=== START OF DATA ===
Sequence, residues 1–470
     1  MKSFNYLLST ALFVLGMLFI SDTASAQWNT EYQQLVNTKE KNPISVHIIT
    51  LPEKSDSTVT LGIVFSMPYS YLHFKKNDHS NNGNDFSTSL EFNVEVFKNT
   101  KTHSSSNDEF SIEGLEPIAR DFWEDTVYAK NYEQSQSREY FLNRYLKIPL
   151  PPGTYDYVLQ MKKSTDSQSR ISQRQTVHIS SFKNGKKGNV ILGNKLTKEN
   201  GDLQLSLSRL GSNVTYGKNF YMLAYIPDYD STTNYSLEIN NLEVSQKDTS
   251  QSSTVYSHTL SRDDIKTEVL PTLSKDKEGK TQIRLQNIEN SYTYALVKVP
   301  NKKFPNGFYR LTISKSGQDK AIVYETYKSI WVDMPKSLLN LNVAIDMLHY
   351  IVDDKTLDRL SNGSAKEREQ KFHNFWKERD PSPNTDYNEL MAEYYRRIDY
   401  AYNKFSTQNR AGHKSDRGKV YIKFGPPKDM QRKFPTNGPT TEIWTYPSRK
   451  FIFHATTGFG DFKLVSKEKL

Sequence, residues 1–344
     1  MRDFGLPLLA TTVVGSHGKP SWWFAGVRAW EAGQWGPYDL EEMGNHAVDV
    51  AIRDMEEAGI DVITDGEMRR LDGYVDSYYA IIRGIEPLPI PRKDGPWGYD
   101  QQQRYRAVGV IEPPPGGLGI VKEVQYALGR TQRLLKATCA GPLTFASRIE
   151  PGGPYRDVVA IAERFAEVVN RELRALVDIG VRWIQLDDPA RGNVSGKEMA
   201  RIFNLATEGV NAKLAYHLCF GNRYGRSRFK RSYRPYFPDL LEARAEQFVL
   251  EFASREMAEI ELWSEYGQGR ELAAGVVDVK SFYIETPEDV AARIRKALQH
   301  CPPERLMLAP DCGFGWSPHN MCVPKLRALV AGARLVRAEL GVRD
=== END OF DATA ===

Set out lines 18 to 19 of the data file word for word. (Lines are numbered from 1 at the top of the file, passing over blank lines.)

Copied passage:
   251  EFASREMAEI ELWSEYGQGR ELAAGVVDVK SFYIETPEDV AARIRKALQH
   301  CPPERLMLAP DCGFGWSPHN MCVPKLRALV AGARLVRAEL GVRD